Although divorce is often the best solution for couples who have significant and irreconcilable differences, in certain isolated cases, some divorced couples may experience continued friction even after the divorce is finalized. A notable Oregon politician has recently been accused of continually harassing her ex-husband, even though their divorce in 2007. Some of her ex-husband’s complaints have involved physical violence while others have centered around child custody.
Monica Wehby — a Republican Senate candidate from Oregon — was accused of using a pad of paper to slap her ex-husband in the face in December 2007. The pair was locked in a verbal argument at the time that the slap is alleged to have occurred, and a report stated that the pair’s four children as well as Wehby’s mother were all asleep in the house at the time. Wehby may have been intoxicated, as the couple had attended a Christmas party prior to the argument, although she denied touching her ex-husband with the paper. Instead, she claimed that he was the one who tended to be physically violent, and he had apparently been so with her in the past.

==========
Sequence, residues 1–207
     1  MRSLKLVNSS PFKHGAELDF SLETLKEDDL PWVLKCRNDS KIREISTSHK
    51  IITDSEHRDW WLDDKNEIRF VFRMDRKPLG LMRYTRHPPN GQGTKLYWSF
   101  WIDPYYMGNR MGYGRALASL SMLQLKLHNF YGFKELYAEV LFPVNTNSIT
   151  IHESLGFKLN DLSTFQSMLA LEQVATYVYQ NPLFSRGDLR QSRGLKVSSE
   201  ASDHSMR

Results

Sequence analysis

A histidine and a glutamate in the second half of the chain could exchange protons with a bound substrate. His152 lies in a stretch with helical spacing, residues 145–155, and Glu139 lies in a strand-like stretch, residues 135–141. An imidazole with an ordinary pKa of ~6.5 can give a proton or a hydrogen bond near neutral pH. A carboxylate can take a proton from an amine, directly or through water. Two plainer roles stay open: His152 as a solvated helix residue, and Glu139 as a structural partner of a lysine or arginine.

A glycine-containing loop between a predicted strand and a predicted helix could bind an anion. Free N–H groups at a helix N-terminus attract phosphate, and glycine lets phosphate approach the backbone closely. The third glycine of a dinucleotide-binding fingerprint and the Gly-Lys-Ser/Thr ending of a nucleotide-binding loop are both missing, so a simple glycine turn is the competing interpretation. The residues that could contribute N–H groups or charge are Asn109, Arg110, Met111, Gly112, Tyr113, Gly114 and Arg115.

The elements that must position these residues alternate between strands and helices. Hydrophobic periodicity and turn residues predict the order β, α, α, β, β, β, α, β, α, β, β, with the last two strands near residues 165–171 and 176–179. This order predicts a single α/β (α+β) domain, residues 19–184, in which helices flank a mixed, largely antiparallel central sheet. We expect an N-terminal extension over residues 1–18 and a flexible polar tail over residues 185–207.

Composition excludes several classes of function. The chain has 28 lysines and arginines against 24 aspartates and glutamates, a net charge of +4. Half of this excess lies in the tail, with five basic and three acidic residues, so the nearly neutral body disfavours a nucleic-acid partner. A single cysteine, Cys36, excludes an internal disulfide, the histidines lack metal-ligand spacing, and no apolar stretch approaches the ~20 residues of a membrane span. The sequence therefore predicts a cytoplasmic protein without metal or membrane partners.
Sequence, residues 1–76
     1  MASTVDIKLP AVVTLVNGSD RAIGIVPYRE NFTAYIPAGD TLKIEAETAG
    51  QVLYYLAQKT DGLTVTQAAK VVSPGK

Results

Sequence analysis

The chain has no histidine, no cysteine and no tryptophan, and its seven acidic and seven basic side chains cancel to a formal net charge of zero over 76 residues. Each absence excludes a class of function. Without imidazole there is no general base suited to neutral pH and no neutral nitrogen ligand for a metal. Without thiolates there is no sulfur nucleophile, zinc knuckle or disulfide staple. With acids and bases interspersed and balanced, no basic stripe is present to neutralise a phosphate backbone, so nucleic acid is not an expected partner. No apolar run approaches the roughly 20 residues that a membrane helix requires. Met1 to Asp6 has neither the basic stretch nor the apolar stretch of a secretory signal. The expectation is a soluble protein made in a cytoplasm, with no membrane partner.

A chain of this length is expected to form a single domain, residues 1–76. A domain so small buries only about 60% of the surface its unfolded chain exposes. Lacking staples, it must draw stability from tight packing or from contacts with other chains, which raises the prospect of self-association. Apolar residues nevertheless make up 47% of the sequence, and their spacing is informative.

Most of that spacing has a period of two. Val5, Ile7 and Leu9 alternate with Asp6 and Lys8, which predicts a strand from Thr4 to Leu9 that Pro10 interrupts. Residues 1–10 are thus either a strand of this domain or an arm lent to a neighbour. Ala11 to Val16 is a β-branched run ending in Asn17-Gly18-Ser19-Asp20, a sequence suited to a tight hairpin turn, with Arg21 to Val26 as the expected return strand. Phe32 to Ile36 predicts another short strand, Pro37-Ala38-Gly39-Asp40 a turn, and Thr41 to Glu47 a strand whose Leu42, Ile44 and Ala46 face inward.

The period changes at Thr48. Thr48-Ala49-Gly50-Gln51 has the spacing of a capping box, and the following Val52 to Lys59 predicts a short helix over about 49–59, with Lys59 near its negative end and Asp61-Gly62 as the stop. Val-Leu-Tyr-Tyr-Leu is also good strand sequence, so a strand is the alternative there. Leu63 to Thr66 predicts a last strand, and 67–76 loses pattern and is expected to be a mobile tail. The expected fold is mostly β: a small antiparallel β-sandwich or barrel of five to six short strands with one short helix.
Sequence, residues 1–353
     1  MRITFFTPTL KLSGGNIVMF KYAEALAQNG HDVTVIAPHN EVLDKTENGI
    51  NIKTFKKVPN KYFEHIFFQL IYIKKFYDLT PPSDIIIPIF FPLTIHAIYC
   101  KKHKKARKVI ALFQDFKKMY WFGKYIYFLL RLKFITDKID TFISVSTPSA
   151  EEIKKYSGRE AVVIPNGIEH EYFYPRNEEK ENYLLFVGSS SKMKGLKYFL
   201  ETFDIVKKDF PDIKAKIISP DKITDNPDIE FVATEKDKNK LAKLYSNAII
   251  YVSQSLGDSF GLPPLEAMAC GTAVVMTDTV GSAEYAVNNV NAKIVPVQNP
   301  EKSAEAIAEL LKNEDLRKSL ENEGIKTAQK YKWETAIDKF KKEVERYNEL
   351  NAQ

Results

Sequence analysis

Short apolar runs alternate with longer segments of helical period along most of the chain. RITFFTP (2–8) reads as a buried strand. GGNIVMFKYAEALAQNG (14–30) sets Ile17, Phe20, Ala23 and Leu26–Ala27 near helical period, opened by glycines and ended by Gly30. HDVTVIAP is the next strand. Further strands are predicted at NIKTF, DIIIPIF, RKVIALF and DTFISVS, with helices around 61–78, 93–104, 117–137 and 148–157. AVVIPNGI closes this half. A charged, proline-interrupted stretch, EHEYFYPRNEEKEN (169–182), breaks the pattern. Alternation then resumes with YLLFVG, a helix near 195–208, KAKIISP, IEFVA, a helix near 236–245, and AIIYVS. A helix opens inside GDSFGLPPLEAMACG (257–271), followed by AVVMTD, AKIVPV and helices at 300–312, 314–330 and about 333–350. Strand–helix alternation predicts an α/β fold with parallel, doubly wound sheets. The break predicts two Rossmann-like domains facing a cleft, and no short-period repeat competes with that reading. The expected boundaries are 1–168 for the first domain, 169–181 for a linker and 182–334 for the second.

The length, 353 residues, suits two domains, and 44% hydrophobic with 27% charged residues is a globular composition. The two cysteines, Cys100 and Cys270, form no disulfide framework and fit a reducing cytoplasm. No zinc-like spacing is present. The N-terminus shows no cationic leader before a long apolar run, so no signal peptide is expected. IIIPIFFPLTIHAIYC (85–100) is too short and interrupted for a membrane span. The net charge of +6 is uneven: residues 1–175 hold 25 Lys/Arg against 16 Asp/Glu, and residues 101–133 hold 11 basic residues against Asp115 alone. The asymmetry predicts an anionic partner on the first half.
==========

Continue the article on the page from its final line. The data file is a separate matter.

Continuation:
Two years after that incident, Wehby’s ex-husband made another phone call to police due to her alleged behavior. According to an agreement that the two had, neither party was permitted to go to the other’s house without previously arranging the visit. He accused Wehby of entering his home without permission on multiple occasions, and on the night that he phoned the complaint in, she apparently banged on the door until her children — who were reported to already be in bed — came to the door to tell her goodbye.
At the time of the initial complaint, Wehby and her ex-husband were still living on separate floors of the same house, pending the finalization of their divorce. In instances such as this, when there are accusations of violence and arguments concerning child custody during or after a divorce, it is possible to obtain legal protection from an ex-spouse. Obtaining an order of protection can sometimes provide a substantial amount of protection from a volatile or potentially dangerous ex-spouse.
Source: The Oregonian, “Monica Wehby’s ex-husband accused her of ‘ongoing harassment’ during divorce: police report“, Yuxing Zheng, May 19, 2014